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Arrrrrgghhh!!! I've gone through two pairs now...

 

New member
Username: Floyd997711

Post Number: 1
Registered: Apr-05
Hello, I was wondering if I get some advice/help from some experienced audio folk. I am very much a newbie for all things audio but have now blown two sets of speakers.

My situation:

I have a very old Kenwood receiver (KR - 6030) that my older brother game me some years ago. It sounds great. He also gave me some huge and heavy floor speakers that he built himself like 30 odd years ago. He built the cabinets himself and I have no idea what components he used inside.

I recently have been using the stereo (at very loud volumes) to play along with my drums. While playing along a month ago I blew the tweeters on the original speakers. Thinking they were just at the end of the read, I bought some used old Cerwin Wega's from work (not sure the model -- they say U123 High energy design on the back). Sounded good, then a few songs into a round of drumming, I blew the tweeters on these too. I thought they could handle loud volumes, but like I said I don't know much about audio. So is it the receiver that is blowing the tweeters. A friend said he has some old fisher speakers that he can lend me, but I don't want to blow these too. I have heard that under powering speakers can damage them? I cannot find the specs for my Kenwood. Should I try for another receiver? I need a very loud sound and don't need quality (sorry that probably made a lot of people cringe here ;-) ) So I guess I am wondering if the Kenwood is the reason for blowing the tweeters on both sets of speakers at these high volumes. Not sure I want to try a third set of speakers. So if it is a problem with the receiver, could anyone recommend a very cheap receiver that I can use to play at very loud volumes or have any other suggestions?

Thanks for any help and sorry for the length of the post.

 

Silver Member
Username: Cory

Canada

Post Number: 178
Registered: Jan-05
It sounds like your receiver is clipping. Witch could casue the tweeter/s to blow I think you have two options one new more powerful amp/receiver or keep the volumes down below 3/4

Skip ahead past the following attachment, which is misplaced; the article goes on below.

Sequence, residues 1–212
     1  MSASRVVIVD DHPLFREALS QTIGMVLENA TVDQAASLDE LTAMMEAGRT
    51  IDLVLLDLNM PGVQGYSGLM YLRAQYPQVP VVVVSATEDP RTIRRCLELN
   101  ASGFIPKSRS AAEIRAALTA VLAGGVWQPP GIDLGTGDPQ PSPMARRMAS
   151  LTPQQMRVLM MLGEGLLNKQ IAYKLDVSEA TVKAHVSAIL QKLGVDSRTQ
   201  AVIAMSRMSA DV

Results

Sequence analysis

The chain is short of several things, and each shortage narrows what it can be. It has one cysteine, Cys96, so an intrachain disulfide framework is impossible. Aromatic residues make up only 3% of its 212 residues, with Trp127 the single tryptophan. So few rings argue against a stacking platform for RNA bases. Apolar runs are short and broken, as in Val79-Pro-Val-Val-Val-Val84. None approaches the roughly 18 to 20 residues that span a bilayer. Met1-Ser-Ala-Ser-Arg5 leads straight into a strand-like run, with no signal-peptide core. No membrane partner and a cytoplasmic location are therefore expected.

good luck
Cory
 

Bronze Member
Username: Max190

Maryland Heights, Missouri US

Post Number: 31
Registered: Apr-05
Ed,

Cory has good advice... also buy yourself some headphones and use them when you play.

Steve
 

Gold Member
Username: Jan_b_vigne

Dallas, TX

Post Number: 3564
Registered: May-04


It is not the receiver blowing the tweeters, it is you. The receiver can only do what you tell it to do and you are telling it to go into clipping. Buy some decent headphones and stop blowing up speakers.




 

New member
Username: Floyd997711

Post Number: 3
Registered: Apr-05
Thanks for the replies everybody, much appreciated. I suspected I was asking too much of the receiver. I just couldn't find it's specs anywhere, but regardless I was probably still pushing it too high. So I won't go ahead and try to blow a third pair! I tired headphones before and they just didn't fit the bill. I might try a a pre-amp or more powerful receiver. Thanks again everybody.
 

Silver Member
Username: Smitty

Canada

Post Number: 193
Registered: Dec-03
You might want to consider a NAD receiver or integrated amp with the Soft Clipping switch ON. This should protect the speakers somewhat.
 

Gold Member
Username: Jan_b_vigne

Dallas, TX

Post Number: 3566
Registered: May-04


If you want to do surgery on the speakers, you can install a fuse holder in the line to the tweeter. Make the fuse holder accessible from the outside of the speaker. Use a 0.25 Amp FAST BLOW fuse in the line to the tweeter. If it blows immediately step up to a 0.5 Amp fast blow. The fuse will blow out before the speaker. Do not exceed the 0.5 Amp and always use fast blow fuses. In your case, I would buy the fuses in bulk quantity.